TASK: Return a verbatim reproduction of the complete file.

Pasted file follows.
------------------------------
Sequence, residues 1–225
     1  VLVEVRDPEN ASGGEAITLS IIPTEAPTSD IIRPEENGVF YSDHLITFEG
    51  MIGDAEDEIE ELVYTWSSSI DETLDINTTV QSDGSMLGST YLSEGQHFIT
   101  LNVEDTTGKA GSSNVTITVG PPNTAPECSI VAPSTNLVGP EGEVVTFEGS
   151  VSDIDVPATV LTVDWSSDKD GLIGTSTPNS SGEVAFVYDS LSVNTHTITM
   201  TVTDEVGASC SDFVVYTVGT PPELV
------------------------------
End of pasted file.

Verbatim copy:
Sequence, residues 1–225
     1  VLVEVRDPEN ASGGEAITLS IIPTEAPTSD IIRPEENGVF YSDHLITFEG
    51  MIGDAEDEIE ELVYTWSSSI DETLDINTTV QSDGSMLGST YLSEGQHFIT
   101  LNVEDTTGKA GSSNVTITVG PPNTAPECSI VAPSTNLVGP EGEVVTFEGS
   151  VSDIDVPATV LTVDWSSDKD GLIGTSTPNS SGEVAFVYDS LSVNTHTITM
   201  TVTDEVGASC SDFVVYTVGT PPELV